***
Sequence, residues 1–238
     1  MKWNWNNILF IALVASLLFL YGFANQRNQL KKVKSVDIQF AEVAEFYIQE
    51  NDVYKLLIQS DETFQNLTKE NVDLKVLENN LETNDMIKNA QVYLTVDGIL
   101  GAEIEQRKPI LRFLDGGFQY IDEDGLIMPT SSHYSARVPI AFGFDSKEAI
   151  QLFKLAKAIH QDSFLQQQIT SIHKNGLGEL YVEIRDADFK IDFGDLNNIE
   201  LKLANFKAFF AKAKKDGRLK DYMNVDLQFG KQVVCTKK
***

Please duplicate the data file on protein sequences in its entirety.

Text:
Sequence, residues 1–238
     1  MKWNWNNILF IALVASLLFL YGFANQRNQL KKVKSVDIQF AEVAEFYIQE
    51  NDVYKLLIQS DETFQNLTKE NVDLKVLENN LETNDMIKNA QVYLTVDGIL
   101  GAEIEQRKPI LRFLDGGFQY IDEDGLIMPT SSHYSARVPI AFGFDSKEAI
   151  QLFKLAKAIH QDSFLQQQIT SIHKNGLGEL YVEIRDADFK IDFGDLNNIE
   201  LKLANFKAFF AKAKKDGRLK DYMNVDLQFG KQVVCTKK